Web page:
Manuela Boatcă

Manuela Boatcă

Albert-Ludwigs University of Freiburg

Manuela Boatcă is Professor of Sociology and Head of School of the Global Studies Programme at the University of Freiburg, Germany. She has a degree in English and German languages and literatures and a PhD in sociology. She was Visiting Professor at IUPERJ, Rio de Janeiro in 2007/08 and Professor of Sociology of Global Inequalities at the Latin American Institute of the Freie Universität Berlin from 2012 to 2015. She has published widely on world-systems analysis, decolonial perspectives on global inequalities, gender and citizenship in modernity/coloniality, and the geopolitics of knowledge in Eastern Europe, Latin America, and the Caribbean. Alongside literary scholar Anca Parvulescu (Washington University in St. Louis, USA), she recently co-authored Creolizing the Modern. Transylvania Across Empires (Cornell University Press, 2022), forthcoming in German and Romanian translation in 2023. 

Talk Information:

Unthinkable Europeans in Unequal Europes. Defining Romani Europeans Out of Whiteness
January 21, 2023 | 9:00 AM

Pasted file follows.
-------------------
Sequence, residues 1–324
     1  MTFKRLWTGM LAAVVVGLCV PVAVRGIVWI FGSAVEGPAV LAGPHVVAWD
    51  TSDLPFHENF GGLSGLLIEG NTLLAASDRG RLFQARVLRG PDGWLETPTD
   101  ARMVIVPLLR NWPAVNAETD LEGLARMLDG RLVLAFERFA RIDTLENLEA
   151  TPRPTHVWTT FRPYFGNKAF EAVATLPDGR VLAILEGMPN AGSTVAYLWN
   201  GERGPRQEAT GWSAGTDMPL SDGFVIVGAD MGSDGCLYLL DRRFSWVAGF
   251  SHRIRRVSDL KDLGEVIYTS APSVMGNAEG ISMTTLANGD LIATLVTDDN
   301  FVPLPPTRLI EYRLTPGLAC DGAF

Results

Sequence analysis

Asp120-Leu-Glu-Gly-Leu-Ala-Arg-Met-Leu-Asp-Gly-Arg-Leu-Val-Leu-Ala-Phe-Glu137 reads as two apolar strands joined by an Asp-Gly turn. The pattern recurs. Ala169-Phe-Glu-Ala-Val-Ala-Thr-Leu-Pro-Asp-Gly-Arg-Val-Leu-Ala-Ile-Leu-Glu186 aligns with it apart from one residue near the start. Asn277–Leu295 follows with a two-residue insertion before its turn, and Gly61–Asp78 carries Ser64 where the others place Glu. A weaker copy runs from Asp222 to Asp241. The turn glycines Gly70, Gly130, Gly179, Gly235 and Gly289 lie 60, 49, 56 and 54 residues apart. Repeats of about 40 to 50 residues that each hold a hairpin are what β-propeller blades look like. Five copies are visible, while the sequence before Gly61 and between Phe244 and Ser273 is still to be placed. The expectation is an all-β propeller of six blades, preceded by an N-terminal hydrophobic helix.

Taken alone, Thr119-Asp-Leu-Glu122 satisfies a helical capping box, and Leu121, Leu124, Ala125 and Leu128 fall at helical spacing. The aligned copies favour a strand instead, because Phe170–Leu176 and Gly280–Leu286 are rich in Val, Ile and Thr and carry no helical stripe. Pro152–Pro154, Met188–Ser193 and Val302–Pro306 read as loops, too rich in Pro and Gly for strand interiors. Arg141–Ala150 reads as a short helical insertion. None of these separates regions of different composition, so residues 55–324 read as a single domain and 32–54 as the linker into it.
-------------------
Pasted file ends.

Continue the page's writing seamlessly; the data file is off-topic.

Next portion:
Present in Europe for centuries, but still not considered of Europe or addressed as Europeans, the Roma are not part of Europe’s reckoning with either racism or enslavement. Such reckoning routinely restricts European racism temporally to the Holocaust, conflating racism with antisemitism; and relegates enslavement spatially to Africa and the Americas, equating enslavement with the transatlantic trade. The Roma fall through these temporal and spatial cracks in Europe’s current politics of memory. I trace this structural oblivion to an Occidentalist imaginary that equates Europeanness with whiteness and that has historically produced unequal Europes in the South and East of the continent to which non-white and other non-conforming populations, histories, and events can routinely be relegated. Drawing on Michel Rolph Trouillot’s analysis of the Haitian Revolution as an "unthinkable history" made by enslaved Black people, I argue that European politics of memory will remain incomplete as long as the history and the present of anti-Roma racism, the legacies of Romani enslavement, and the implications of such histories for the (im)possibility of constructing an identity as Romani Europeans are deemed unthinkable in an Occidentalist white Europe. 

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